weekly blog--one for the ages
This week’s blog was inspired by an article in the Boston Globe. If not cancer, the bear in the room for many people of age is Alzheimer’s. Losing memory and becoming disoriented are not things one looks forward to. Currently, there are more than 5 million Americans living with Alzheimer’s, and that number is expected to triple by 2050.
Often overlooked are the devastating affects Alzheimer’s can have on the caregiver who is equally at risk for health problems related to depression, anxiety, stress, and isolation. Enter the world of the dementia care consultant who can help design a plan to manage the day-to-day needs of patients, provide emotional support, and find local respite services such as a Home Care Agency or Adult Day Center. Learn more: https://www.theguardian.com/money/2012/jun/01/working-life-dementia-consultant
Separately, what’s the best way to prevent Alzheimer’s? While research is not yet conclusive, the Alzheimer’s Association says that certain lifestyle choices, such as physical activity and diet, may help protect your brain. Two diets of note: DASH (Dietary Approaches to Stop Hypertension) and Mediterranean.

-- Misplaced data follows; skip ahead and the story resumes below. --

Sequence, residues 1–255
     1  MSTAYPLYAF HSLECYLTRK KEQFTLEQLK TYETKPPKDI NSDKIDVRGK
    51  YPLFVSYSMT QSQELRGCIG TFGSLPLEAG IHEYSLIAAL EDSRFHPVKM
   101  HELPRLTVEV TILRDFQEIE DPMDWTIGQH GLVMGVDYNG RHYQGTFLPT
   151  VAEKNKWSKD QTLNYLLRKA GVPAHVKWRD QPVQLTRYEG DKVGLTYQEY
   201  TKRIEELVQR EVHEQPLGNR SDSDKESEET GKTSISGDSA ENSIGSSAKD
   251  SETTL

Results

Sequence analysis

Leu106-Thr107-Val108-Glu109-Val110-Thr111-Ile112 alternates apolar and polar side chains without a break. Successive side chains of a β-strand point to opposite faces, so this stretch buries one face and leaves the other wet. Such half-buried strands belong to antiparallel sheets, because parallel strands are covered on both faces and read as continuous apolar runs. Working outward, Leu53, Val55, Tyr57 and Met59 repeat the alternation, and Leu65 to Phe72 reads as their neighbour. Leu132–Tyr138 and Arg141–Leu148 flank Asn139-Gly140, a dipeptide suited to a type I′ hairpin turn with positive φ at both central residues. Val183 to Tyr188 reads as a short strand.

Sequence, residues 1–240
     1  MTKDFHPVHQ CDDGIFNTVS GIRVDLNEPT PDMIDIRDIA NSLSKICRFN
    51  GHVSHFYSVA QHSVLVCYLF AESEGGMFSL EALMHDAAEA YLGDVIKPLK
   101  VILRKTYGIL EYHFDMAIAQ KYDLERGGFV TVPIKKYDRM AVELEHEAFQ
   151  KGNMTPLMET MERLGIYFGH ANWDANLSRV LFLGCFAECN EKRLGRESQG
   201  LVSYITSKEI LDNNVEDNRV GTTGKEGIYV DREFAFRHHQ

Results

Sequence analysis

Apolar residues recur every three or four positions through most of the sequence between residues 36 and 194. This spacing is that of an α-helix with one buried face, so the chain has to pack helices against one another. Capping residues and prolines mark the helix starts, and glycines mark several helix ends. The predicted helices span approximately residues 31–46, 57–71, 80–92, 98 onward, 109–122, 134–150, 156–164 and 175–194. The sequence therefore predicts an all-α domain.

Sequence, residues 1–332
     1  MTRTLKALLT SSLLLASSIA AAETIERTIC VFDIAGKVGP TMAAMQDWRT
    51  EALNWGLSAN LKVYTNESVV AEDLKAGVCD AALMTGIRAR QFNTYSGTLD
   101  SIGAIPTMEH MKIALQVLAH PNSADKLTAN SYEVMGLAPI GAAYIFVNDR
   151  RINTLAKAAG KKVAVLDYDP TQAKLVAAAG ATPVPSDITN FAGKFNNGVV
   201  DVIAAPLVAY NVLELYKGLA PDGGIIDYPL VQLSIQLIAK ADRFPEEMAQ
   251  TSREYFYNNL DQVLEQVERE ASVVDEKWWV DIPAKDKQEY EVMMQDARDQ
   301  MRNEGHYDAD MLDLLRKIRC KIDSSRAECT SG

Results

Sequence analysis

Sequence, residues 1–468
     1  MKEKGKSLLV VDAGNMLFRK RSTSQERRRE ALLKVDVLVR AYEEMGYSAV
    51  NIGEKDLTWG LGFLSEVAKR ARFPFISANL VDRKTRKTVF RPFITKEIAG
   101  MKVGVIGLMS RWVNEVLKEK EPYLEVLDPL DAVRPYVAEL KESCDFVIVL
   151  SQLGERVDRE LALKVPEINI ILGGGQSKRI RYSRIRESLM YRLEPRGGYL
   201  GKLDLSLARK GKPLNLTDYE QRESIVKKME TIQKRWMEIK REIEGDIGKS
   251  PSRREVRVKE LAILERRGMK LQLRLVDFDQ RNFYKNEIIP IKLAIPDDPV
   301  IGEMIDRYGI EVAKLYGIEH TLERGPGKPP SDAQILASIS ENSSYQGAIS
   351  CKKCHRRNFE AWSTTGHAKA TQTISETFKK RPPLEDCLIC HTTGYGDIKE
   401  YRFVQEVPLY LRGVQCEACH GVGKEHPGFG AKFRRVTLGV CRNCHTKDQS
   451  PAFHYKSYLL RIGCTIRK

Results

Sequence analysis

The DASH diet emphasizes vegetables, fruits and fat-free or low-fat dairy products; includes whole grains, fish, poultry, beans, seeds, nuts, and vegetable oils; and limits sodium, sweets, sugary beverages, and red meats. A Mediterranean diet includes relatively little red meat and emphasizes whole grains, fruits and vegetables, fish and shellfish, and nuts, olive oil and other healthy fats.
Also, a number of studies indicate that maintaining strong social connections and keeping mentally active as we age might lower the risk of cognitive decline and Alzheimer's. Experts are not certain why this happens, but speculate that it may be due to direct mechanisms through which social and mental stimulation strengthen connections between nerve cells in the brain.
Learn more: www.confrontingaging.com/eating--exercise.html